Resident in France but taxed in the UK

Hi everyone. We have been resident in France for some years but as our income is earned in the UK, while we complete a French tax return each year, we pay our taxes in the UK . Due to a reciprocal agreement, as we pay UK taxes, we are not due to pay French taxes.
My query is whether or not we can benefit from any of the taxable allowances such as help with the garden etc.

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Interesting… how does that work?

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Curious…only my specific gov’t pension and rental income is taxed in UK (and declared here). Everything else is taxed here. Did you just do this yourself or was it on the advice of a french accountant or your tax office?

In theory if you are talking about the support for aide à domicile then yes if this is with proper invoices then yiu can put that on yiur tax return. For people for example on low income who don’t pay enough tax they then get reimbursed. However morally I would be uncomfortable with this if I make no continuation to income tax here.

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Hi Jane,
Yes - this was on the advice of our local tax office who went through all the forms with us when we first took up residency. It’s also been confirmed by our UK tax office when we were told it is a reciprocal arrangement not relevant to our EU membership.
With reference to a moral compass, around here in the Hérault, migrants and natives alike prefer to pay cash whenever possible rather than do things above board. For myself, I am happy to sort things out ‘sur la table’ instead of ‘sous la table’ when possible.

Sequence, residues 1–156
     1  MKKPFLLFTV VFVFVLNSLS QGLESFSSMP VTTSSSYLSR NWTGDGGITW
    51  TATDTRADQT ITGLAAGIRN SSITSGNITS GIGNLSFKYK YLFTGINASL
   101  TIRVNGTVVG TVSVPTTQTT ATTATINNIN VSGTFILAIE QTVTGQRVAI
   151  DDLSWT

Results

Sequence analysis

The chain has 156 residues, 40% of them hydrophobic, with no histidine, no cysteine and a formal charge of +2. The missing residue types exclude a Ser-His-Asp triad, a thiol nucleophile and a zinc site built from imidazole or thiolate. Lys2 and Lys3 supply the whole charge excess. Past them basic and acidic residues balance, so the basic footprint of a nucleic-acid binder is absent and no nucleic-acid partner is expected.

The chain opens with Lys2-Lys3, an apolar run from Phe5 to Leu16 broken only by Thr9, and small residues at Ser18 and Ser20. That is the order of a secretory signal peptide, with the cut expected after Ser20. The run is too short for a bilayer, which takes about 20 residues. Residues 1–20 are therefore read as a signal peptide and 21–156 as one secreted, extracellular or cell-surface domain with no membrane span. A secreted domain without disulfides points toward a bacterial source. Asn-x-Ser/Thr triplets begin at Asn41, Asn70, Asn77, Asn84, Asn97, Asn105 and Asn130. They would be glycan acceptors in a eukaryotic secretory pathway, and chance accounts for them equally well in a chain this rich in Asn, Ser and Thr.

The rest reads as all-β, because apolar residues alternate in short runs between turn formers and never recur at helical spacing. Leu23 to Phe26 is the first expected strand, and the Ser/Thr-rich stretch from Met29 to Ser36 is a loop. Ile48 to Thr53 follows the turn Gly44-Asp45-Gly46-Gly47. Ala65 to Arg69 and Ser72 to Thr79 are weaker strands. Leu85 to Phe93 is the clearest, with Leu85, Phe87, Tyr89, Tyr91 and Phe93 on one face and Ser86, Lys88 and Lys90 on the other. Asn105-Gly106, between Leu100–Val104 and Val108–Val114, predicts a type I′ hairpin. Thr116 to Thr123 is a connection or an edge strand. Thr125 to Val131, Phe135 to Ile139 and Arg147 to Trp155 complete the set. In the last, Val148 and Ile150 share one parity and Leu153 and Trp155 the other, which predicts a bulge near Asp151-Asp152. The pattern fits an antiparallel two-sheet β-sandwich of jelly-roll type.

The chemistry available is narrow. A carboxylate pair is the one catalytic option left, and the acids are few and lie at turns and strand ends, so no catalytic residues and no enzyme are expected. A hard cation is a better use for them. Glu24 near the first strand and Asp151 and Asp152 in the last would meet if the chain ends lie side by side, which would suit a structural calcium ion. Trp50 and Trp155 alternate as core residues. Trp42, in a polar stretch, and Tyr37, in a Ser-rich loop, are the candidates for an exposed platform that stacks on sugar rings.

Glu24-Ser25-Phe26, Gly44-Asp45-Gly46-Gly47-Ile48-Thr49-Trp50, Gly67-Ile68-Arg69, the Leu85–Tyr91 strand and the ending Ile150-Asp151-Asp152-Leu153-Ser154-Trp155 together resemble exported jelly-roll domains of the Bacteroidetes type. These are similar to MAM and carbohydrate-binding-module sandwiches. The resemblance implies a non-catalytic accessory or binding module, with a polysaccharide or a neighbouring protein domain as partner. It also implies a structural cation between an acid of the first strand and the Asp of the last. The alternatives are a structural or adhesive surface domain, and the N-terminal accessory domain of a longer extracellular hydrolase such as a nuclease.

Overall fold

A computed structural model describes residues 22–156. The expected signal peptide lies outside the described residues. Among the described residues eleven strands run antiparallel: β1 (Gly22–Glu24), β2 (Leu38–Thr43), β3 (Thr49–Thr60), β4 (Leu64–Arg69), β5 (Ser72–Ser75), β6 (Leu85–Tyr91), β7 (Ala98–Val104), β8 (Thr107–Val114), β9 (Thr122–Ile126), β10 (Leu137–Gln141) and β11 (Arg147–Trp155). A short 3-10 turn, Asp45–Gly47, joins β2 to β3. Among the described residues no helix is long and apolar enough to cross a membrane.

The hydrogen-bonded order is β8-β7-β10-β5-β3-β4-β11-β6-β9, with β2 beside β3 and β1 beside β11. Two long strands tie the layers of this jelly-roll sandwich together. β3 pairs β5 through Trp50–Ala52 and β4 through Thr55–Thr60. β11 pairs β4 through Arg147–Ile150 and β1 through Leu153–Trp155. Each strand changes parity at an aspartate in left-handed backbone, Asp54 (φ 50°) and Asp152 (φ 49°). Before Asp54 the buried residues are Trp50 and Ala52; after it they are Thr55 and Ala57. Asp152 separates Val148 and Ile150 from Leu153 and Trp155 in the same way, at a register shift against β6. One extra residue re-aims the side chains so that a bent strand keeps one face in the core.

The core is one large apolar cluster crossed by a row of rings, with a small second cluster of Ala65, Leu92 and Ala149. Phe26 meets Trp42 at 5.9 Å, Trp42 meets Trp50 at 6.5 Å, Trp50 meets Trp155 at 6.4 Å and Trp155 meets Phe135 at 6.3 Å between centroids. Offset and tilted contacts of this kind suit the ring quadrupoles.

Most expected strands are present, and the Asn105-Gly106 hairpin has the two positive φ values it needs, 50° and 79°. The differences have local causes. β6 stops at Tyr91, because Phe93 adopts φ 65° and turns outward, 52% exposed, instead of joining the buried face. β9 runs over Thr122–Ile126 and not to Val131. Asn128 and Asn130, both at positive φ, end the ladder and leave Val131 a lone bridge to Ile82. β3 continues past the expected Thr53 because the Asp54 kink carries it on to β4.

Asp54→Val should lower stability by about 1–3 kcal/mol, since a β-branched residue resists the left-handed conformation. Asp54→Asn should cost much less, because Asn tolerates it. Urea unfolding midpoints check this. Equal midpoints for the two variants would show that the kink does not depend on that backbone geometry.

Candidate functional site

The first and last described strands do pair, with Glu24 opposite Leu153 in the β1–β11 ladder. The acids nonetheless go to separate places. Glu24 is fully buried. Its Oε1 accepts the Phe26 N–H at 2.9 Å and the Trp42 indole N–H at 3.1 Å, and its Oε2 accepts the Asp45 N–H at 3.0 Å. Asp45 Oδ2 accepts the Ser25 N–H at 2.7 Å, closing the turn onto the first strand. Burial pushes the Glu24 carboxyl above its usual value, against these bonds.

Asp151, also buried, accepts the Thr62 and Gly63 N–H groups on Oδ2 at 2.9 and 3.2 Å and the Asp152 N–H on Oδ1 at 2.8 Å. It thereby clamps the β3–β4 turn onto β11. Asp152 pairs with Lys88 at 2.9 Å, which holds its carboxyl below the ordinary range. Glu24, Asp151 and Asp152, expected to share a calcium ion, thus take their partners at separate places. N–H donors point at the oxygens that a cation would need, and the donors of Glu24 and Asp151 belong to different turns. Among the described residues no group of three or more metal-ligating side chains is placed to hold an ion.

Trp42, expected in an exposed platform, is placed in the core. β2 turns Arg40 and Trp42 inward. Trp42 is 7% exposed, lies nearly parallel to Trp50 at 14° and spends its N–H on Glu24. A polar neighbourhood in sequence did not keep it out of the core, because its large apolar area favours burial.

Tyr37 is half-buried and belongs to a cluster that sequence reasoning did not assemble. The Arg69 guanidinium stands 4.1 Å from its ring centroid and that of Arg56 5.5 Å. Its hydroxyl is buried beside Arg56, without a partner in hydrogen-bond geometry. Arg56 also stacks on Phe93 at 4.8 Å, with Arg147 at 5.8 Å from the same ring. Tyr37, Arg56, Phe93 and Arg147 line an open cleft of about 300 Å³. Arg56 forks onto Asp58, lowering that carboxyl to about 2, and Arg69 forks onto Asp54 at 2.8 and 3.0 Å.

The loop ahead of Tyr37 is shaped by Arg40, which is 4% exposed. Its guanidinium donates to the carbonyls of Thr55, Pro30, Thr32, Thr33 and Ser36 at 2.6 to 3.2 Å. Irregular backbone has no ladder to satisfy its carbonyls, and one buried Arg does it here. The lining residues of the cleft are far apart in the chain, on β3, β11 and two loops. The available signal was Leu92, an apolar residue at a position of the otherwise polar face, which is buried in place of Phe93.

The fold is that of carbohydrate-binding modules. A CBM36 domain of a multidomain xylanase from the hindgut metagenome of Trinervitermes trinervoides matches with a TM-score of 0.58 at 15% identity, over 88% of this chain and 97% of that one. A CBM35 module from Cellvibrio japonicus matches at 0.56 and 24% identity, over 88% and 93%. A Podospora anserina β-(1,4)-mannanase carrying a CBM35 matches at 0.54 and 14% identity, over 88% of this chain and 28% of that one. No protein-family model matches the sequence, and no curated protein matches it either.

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Hi Graham
Basically, when we first moved here permanently, we made an appointment with the local tax office who went through our first tax return with us. They were super helpful and I’ve gone back on occasion with any further queries.

I’m sure they were but that doesn’t explain the mechanics of why you pay no French tax on your UK income…

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Perhaps if it is all gov’t pension and property income? No bank interest, dividend interest from shares, state pension, and all the other things that are taxed here?

Might be worth checking out as I pay less tax here than I did in UK…

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I was in the same position Judith for many years - employed by my UK company, paying tax and NI in the UK - declaring everything here but not paying any tax here. I’m now in fact in the process of winding up my UK company and ‘retiring’ from that work (going on to do other stuff).